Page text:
In 1967 his 'Airs and Graces' suite was based on some recorder pieces that were being played, at the time, by his children and included : Round Dance, Gavotte, Air, Trumpet Minuet, Mill Dance and Finale.

In 1969 he composed the music for 'The Pain Train' and made for the British Railways Board, which began with John Slater's narration and "The new Euston, spacious, clean, efficient. A fitting symbol for the new intercity context."

In 1971 he wrote the music for the tv movie, 'Thick as Thieves', a crime drama about a professional safe-blower, Leonard Rossiter and his apprentice, Corin Redgrave.

In 1975 he composed the music for the tv series, 'Sky', in which a young time-traveller with superhuman powers is stranded on Earth after running into a Black Hole and pursued by the evil Goodchild, Sky is helped on his quest to find a way home by three human teenagers.
Surviving episodes still provide evidence of  Eric's accompaniment : 'Burning Bright' , 'Juganet' and 'Chariot of Fire'. In 2018 the blogger 'Wyrd Britain' wrote : 'Scenes of Sky and his cohort being attacked by plants and animals soundtracked with a tumultuous, synthesised, atonal, sonic squall (courtesy of Eric Wetherell) are still as effective as they were 43 years ago and the series remains as disturbingly strange and enjoyable as it ever was.'

In 1976 he wrote the music for the tv movie, 'Machinegunner', West Country slang for a 'debt-collector', played by Leonard Rossiter, who turned amateur sleuth, but found himself in hot water with local criminals.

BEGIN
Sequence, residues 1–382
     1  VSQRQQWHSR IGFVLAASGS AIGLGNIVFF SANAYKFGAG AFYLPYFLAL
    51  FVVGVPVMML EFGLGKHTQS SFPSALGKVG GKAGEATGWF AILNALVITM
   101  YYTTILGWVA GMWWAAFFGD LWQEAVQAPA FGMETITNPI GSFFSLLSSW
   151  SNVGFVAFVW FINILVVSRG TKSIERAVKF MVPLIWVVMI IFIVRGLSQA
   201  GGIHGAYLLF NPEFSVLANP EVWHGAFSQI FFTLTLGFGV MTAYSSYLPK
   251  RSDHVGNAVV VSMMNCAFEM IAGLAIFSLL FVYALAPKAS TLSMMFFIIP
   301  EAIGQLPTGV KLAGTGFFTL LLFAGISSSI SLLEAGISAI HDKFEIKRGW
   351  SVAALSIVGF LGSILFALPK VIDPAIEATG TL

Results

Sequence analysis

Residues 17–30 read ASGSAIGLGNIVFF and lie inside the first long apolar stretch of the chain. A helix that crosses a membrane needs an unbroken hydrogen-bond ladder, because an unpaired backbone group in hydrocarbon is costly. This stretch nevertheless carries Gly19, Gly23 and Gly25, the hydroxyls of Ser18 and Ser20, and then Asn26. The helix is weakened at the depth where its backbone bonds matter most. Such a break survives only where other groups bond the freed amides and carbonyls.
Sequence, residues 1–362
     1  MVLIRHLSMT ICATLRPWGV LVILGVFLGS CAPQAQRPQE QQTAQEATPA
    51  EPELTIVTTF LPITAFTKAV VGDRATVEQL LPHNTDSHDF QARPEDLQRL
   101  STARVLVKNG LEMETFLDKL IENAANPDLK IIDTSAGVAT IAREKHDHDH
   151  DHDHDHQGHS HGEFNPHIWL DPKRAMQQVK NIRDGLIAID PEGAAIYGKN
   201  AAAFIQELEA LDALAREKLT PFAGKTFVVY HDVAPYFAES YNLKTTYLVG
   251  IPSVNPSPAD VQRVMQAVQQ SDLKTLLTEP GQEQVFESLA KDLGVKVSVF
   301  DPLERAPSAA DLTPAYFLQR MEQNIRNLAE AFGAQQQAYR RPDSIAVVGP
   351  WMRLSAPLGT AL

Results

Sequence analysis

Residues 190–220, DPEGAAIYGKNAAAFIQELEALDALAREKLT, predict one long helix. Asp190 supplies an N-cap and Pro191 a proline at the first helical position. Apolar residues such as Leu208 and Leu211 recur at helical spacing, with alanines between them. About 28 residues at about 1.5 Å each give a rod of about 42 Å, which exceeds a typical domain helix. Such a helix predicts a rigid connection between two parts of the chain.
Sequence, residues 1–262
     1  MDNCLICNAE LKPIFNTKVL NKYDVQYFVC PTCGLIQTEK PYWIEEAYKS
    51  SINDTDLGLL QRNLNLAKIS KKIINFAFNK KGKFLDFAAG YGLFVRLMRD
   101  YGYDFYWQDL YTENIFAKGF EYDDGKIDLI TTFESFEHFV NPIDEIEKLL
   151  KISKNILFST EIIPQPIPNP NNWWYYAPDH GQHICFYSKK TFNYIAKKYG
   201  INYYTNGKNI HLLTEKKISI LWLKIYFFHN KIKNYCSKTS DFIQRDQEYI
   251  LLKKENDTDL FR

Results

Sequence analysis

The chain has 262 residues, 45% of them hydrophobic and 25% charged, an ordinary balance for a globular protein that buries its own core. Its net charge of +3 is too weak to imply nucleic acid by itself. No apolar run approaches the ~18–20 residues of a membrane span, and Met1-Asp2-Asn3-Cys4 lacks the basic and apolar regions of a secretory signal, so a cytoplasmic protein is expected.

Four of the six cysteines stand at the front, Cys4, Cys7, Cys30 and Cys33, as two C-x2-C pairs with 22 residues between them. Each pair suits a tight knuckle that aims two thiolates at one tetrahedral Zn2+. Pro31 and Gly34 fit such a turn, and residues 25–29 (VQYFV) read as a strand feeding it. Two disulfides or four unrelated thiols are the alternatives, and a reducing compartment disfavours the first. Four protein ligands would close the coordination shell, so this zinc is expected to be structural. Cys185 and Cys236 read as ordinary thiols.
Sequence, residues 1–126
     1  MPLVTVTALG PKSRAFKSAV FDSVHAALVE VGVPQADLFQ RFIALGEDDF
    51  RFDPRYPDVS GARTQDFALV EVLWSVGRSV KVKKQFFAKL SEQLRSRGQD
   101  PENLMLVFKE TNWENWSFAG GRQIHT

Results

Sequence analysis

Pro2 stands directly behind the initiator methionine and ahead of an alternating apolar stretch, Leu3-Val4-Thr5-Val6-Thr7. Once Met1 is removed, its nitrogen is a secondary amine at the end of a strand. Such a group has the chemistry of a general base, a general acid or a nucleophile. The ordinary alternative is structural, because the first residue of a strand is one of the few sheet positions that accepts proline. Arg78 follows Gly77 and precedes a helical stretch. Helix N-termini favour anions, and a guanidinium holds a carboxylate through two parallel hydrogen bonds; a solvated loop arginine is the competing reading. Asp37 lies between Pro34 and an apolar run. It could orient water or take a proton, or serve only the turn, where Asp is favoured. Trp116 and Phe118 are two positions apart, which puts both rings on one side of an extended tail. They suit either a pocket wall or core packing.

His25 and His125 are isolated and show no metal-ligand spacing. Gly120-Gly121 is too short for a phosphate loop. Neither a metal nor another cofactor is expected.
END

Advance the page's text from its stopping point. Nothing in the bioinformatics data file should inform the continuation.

Of his 'Bristol Quay Suite for String Orchestra' he wrote : 'This suite was written in 1987 and presents a picture not unlike that of Portsmouth Point, albeit somewhat less ribald. The first movement is based on the sea shanty Santiano and hints at the danger, as well as the romance of life at sea. The second is a gentle waltz; perhaps the eighteenth century sailor putting even temporarily into port found an opportunity to show his gentler side. The Polish folk-song River Wisla is the theme of the third movement, and the finale is a fast 6/8 firmly rooted in the English musical tradition.'

In 1992 Eric's jazz-influenced '3 Shakespeare Sonnets for Medium Voice' were published with his song list of : 'Shall I Compare Thee?','Let Me Not','How Like A Winter'.

He was well known as an arranger and rescored four major operas for Midland Opera, reducing the orchestration for chamber orchestra and in 2010 used his reduced score in Offenbach’s 'The Tales of Hoffmann'.

In the same year, Eric's opera, 'A Foreign Field', was premiered at the Redgrave Theatre in Clifton, Bristol. Eric used the true story of a group of British soldiers stuck behind enemy lines on the Franco-Belgian border in the First World War and the impact they had on a family who offer to help them survive. He concentrated on the way in which war changes people in their fight for personal survival and spoke for all wars, past and present."